Greenhouses and other indoor grow operations face many of the same challenges as outdoor farming. In many ways, the control gained by being indoors is offset by the costs that go into maintaining these environments. However, with hydroponic cultivation, a key aspect is easily monitored and controlled, that being nutrients. Nitrate, potassium and phosphorus can be measured very accurately when dissolved in water. Ideal ranges can be setup for a particular plant and at a particular point in its life cycle. By monitoring nutrient levels, cost savings on the purchase of these nutrients are realized, along with improved quality and minimized waste.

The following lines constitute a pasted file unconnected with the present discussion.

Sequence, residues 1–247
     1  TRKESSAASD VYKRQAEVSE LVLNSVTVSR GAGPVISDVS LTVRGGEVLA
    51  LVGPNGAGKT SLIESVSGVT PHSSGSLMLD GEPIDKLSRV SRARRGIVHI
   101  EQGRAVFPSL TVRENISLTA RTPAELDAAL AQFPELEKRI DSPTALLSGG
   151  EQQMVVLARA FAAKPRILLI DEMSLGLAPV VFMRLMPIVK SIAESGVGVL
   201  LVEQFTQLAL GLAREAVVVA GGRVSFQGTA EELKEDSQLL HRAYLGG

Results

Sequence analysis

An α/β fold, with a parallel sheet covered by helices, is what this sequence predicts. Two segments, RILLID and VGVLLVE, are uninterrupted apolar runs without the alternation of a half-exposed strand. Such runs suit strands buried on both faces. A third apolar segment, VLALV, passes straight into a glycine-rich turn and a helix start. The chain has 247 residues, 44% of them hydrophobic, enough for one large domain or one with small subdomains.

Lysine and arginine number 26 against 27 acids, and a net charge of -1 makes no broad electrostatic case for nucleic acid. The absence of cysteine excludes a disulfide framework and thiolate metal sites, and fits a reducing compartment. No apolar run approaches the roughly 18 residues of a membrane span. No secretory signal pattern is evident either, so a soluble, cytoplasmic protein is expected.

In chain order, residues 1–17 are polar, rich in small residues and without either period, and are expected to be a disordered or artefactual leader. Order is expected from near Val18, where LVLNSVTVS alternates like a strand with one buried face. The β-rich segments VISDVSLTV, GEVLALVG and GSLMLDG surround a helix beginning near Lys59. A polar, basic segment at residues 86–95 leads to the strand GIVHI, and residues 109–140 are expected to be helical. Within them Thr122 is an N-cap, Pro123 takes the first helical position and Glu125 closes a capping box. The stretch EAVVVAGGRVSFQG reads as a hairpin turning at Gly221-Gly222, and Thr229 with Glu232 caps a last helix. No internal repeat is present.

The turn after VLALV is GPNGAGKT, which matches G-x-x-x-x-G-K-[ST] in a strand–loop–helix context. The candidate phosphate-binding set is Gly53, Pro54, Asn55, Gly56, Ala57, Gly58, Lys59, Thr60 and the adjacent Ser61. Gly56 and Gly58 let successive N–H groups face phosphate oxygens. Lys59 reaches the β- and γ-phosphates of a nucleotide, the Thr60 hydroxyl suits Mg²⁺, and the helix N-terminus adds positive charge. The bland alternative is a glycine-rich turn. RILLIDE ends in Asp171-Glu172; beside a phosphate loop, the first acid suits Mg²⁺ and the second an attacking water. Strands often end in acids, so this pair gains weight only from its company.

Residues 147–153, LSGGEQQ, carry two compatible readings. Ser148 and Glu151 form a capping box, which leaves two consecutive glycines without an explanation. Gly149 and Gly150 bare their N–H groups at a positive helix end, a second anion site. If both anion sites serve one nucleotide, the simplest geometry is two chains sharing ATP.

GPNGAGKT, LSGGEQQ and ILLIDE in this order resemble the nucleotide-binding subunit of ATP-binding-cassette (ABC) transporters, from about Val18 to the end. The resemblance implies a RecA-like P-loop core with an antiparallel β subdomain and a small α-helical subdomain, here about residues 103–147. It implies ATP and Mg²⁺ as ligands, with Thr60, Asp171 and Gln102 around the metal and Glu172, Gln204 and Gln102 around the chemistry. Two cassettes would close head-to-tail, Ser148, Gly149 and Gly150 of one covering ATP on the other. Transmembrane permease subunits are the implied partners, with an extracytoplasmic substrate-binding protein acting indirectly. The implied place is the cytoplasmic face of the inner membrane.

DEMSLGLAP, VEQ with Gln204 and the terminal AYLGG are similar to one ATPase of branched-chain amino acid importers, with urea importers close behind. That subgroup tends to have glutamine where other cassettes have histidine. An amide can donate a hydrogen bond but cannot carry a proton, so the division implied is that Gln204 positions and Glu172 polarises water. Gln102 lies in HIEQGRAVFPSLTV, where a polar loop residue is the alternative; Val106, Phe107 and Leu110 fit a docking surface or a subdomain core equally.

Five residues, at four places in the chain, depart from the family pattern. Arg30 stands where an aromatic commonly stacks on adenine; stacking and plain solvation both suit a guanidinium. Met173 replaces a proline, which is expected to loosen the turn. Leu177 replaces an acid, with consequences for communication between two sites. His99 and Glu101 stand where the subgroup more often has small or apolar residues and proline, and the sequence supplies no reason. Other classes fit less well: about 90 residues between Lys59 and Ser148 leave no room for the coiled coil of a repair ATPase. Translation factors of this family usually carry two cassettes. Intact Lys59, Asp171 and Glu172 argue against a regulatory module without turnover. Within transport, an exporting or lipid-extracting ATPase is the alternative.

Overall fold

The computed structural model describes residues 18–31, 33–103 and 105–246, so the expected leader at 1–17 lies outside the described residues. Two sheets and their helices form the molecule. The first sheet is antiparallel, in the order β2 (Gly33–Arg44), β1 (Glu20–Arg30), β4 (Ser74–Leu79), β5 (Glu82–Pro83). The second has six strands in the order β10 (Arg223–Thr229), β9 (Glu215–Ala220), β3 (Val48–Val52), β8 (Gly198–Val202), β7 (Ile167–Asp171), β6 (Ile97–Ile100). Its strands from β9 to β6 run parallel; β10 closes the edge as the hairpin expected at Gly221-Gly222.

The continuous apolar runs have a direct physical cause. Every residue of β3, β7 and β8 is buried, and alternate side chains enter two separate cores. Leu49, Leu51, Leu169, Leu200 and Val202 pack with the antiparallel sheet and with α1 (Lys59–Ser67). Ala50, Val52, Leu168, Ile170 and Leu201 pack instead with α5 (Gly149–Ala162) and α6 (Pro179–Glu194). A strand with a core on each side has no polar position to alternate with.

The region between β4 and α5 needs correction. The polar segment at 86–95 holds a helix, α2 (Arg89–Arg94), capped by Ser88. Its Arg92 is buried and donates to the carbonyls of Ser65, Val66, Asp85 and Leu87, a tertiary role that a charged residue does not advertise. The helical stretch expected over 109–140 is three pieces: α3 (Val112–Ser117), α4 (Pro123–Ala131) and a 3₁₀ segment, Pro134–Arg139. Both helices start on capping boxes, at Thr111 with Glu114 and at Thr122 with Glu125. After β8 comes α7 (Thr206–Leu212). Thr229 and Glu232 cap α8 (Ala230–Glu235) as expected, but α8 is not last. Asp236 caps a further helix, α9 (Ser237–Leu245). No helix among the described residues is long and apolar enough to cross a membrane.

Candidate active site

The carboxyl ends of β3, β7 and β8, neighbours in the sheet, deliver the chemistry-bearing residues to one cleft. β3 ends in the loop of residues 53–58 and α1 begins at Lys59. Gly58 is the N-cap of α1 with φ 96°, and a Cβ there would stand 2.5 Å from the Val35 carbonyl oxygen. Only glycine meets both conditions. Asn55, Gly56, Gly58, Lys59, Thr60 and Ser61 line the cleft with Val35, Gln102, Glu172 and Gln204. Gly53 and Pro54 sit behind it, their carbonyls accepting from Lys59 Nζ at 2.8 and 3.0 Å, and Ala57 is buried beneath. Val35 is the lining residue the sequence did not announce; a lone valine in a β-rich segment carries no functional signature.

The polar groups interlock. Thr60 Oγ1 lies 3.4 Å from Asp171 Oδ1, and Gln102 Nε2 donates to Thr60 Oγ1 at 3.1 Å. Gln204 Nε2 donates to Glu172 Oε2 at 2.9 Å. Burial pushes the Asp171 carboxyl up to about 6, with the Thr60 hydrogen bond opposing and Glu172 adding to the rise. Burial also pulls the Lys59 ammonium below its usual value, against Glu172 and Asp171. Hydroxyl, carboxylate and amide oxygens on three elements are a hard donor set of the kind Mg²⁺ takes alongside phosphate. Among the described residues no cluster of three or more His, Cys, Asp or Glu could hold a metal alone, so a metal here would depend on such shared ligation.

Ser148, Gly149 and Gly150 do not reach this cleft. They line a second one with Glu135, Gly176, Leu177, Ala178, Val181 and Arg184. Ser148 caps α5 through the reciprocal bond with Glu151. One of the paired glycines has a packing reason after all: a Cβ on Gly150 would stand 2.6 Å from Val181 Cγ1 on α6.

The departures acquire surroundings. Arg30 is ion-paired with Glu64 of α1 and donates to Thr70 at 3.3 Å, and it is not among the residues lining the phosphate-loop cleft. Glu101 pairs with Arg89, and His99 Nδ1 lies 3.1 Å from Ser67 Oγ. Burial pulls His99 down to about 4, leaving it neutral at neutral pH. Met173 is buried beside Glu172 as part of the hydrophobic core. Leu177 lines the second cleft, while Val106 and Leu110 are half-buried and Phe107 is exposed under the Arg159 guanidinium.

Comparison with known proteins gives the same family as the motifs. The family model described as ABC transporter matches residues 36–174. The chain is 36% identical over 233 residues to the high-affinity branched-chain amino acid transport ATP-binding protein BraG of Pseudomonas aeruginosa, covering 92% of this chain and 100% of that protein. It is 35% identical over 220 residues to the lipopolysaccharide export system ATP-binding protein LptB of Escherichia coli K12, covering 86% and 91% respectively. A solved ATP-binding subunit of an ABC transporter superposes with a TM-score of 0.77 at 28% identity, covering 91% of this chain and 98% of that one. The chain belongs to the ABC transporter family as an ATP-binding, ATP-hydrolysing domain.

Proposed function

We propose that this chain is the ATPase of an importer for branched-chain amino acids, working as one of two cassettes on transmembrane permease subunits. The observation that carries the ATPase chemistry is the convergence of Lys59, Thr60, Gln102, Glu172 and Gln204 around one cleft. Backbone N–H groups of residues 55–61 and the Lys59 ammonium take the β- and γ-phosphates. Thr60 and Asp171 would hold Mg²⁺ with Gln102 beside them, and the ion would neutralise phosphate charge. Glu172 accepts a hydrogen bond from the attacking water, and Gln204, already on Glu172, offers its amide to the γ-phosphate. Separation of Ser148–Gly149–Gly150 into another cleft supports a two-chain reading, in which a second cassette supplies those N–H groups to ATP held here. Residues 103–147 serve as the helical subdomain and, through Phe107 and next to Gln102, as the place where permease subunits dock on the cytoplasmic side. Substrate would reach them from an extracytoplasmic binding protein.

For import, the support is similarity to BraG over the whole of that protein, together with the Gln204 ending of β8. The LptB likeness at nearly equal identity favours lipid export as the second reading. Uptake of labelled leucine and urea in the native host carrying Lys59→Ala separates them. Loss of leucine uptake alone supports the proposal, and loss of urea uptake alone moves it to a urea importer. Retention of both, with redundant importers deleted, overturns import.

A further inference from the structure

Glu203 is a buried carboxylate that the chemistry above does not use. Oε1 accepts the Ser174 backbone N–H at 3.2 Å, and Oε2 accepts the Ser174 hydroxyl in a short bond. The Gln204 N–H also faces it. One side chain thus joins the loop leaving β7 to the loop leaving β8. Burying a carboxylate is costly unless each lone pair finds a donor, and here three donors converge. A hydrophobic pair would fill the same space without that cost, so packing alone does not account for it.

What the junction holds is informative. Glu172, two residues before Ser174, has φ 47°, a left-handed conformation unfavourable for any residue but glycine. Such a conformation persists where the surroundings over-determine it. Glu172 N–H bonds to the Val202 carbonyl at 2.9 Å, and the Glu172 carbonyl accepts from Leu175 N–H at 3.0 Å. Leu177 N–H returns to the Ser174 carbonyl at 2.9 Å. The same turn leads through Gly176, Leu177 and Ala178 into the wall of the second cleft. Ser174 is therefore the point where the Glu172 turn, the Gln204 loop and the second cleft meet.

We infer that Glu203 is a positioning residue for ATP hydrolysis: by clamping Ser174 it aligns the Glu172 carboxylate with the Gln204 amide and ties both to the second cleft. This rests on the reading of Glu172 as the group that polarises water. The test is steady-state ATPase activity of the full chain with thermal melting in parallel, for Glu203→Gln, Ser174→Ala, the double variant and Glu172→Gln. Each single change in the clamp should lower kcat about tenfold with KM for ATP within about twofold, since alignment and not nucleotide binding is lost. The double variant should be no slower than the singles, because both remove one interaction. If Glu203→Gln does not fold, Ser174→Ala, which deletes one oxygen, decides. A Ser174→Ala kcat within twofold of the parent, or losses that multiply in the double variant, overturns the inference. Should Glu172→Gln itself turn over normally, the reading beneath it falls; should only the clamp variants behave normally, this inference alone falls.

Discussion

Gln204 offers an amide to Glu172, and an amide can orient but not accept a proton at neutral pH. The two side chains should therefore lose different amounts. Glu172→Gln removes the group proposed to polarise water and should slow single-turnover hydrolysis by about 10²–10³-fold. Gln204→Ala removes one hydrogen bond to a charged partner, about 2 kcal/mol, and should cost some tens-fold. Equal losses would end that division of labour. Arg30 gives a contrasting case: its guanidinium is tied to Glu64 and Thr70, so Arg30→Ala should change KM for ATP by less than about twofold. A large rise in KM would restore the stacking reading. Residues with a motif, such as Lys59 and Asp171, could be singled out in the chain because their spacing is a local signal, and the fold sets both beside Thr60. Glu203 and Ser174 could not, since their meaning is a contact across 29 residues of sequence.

This study by Libelium describes how a greenhouse in Italy implemented a system to track their nutrient levels and develop an input management program that maximized output while minimizing input expenses.


*Note: Soil water content sensors can provide these benefits to soil-based crops as well, both indoor and outdoor. However, hydroponic cultivation minimizes variance across a crop.


2. Time Savings


Farming is infamously hard work with long hours. Except, does it need to be? With the tools available to farmers today, much of the labor that was required is no longer needed. With optimized water and fertilizing practices, much of the effort needed during the growth cycle can be minimized down to only the times when it is needed to achieve the highest quality and yield.

Additionally, by connecting systems and automating control of machinery that handles these tasks, a farmers role shifts mostly towards managing these systems and (most importantly) having time to spend doing what they want to do.